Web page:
In this final lecture in the “Global Environmental Politics in the 21st Century” series, Dr Benjamin Habib explores possibilities for a regenerative environmental politics based on the archetype of the […]
Cultivating a holistic environmental politics and regenerative sustainability practice is one of the great challenges of our time. Part of this cultivation prompts us to network with leaders in the practice of sustainability transitions and learn from on-the-ground projects that are doing this work. One of these projects is the Herb Whisperer farm, an hour north of Beijing in China, run by the “Herb Whisperer” himself, Thomas Avery Garran.
“It is hubris to declare that humans are the central figures of life on Earth and that we are in control. In the long run, Nature is in control.” Charlene […]
Over the weekend Australia lost one of its great pioneers in sustainable development with the passing of Bill Mollison, co-creator of permaculture with David Holmgren. Author, educator, academic, researcher and […]
“It seems ironic that, no matter how fleeting or for how long—inquiry starts with stopping in order to observe what is going on, to notice something that is happening, to […]
In Northeast Asia, it is possible to find urban green spaces that reflect a variety of different ideological and cultural codings, reflecting the prevailing social forces of the historical epochs in which each green space was built.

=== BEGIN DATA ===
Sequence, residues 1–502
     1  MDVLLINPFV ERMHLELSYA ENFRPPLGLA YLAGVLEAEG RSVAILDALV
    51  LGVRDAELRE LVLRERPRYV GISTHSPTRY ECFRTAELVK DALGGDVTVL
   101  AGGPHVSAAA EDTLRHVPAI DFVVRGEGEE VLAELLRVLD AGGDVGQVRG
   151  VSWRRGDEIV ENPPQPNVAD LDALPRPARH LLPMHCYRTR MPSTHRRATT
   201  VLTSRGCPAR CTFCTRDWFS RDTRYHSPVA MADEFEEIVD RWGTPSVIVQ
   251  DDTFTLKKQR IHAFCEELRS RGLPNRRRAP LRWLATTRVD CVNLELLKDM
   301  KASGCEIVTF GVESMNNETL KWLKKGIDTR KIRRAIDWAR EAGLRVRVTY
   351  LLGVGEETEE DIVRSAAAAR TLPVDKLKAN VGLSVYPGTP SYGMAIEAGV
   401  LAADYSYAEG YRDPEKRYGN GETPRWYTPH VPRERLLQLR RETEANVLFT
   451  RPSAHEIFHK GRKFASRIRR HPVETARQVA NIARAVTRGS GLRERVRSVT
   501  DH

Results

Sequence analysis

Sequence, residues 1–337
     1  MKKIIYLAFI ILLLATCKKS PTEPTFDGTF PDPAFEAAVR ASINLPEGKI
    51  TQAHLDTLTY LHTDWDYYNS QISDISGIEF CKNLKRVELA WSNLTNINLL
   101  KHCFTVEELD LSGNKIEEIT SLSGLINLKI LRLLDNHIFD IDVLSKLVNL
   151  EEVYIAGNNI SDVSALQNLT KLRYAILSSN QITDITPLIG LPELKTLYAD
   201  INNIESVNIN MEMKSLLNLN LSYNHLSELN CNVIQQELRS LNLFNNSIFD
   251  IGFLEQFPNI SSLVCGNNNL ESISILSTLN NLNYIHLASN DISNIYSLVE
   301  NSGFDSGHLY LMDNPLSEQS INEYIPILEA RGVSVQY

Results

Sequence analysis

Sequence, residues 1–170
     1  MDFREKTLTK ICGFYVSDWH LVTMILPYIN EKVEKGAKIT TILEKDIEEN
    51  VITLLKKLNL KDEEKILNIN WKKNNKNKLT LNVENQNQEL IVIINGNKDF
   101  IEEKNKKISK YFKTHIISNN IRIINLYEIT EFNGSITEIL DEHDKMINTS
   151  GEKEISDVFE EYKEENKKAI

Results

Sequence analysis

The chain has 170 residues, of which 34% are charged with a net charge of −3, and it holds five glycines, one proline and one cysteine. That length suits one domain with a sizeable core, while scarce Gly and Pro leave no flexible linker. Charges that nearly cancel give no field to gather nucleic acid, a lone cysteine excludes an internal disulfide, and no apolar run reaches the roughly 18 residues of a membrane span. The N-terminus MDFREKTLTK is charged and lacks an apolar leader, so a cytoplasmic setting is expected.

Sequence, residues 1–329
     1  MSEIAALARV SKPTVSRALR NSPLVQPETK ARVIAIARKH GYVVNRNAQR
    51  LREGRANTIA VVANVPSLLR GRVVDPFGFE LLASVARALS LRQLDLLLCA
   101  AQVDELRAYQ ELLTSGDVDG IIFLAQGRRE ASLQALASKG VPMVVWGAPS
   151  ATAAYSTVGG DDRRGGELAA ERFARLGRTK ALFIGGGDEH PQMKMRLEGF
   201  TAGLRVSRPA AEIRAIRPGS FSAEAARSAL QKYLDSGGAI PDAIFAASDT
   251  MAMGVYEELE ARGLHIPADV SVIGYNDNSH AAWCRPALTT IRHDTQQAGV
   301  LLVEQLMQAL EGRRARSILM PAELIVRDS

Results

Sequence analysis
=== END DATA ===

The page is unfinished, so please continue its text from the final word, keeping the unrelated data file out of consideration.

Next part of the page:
Permaculture design principles can by applied to the design of social and economic systems, and suggest that we can design for creative responses to food sovereignty, money and debt, energy dependency, property rights and ownership, and alienation from economic production systems.
The Permaculture’s Next Big Step project was formed to facilitate a global consultation on what we need, how we can work together, and what we can achieve. This project has brought together some of the most thoughtful permaculture thinkers from around the world to explore potential pathways for further international coordination across the permaculture movement.